U. of Alabama offers apologies for pre-Civil War campus slavery

TUSCALOOSA, Ala. (AP) -- The University of Alabama apologized Tuesday to the descendants of slaves who were owned by faculty members or who worked on campus in the years before the Civil War.
The apology -- approved overwhelmingly by the Faculty Senate -- was the first at the university and possibly the first of its kind in the nation, officials said.
It was also the second move by the school in recent days to acknowledge the university's historical ties to slavery.
Last Thursday, university officials announced the school will erect a marker near the graves of two slaves on the campus and place others on buildings where slaves once worked and lived.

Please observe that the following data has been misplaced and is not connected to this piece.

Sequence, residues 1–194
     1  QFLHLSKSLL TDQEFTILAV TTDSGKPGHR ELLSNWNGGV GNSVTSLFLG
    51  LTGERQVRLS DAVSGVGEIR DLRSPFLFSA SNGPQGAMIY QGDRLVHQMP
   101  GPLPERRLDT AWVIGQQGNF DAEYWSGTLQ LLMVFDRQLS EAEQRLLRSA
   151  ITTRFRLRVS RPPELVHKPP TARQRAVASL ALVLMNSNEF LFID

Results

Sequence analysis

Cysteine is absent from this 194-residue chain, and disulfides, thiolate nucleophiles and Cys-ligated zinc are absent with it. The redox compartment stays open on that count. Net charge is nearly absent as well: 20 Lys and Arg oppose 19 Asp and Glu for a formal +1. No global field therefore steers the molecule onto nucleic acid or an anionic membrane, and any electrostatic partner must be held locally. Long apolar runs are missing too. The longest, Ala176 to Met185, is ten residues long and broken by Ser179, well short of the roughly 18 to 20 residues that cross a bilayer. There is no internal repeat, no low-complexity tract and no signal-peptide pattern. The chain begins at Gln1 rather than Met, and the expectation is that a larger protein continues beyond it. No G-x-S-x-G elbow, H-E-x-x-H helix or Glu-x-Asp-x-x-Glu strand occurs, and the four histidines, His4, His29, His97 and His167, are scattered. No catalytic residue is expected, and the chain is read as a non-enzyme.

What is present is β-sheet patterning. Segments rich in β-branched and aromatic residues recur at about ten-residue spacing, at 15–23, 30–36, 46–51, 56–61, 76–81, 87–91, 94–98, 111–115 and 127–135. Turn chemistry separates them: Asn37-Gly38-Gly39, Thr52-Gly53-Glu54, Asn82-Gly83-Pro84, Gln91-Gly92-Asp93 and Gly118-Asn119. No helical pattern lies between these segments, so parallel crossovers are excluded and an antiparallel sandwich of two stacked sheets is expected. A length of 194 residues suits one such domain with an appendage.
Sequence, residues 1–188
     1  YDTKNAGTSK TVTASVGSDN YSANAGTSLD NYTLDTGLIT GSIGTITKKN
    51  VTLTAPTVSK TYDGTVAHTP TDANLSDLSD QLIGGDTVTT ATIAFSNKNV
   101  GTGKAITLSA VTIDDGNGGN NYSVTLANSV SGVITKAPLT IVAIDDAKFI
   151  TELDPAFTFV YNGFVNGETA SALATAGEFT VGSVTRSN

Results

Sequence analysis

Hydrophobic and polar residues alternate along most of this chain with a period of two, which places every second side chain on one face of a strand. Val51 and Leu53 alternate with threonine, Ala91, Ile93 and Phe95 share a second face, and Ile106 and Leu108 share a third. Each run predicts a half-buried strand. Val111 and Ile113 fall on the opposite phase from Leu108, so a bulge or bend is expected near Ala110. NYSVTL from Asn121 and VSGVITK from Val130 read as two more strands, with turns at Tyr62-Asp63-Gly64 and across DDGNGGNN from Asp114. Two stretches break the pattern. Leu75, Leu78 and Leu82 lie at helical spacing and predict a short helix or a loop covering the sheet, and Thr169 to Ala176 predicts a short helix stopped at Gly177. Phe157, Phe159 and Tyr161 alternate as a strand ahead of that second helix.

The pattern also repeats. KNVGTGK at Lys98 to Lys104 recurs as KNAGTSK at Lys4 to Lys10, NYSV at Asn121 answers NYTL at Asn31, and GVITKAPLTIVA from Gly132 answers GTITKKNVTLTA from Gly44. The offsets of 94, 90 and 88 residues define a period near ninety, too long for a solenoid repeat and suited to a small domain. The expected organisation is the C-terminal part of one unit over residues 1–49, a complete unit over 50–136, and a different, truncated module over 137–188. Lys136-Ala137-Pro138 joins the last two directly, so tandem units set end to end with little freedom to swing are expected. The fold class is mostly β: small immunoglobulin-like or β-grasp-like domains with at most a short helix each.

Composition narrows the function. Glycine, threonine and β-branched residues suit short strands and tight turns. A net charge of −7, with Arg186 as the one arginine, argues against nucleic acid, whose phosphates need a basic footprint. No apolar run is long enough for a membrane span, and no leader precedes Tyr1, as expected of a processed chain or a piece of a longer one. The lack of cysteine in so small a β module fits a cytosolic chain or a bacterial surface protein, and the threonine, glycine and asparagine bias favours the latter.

Al Brophy, a white law professor who authored the apology, documented years of bondage at the university, which was founded in 1831 and mostly destroyed by Union troops at the close of the Civil War before it was rebuilt.
Two university presidents and some faculty members owned slaves during the years before the Civil War, Brophy found, and several of the oldest structures on campus contain bricks made by slaves.
Marvin Johnson, a music professor, spoke against the apology, saying there was no way faculty members could apologize for something that happened so long ago.
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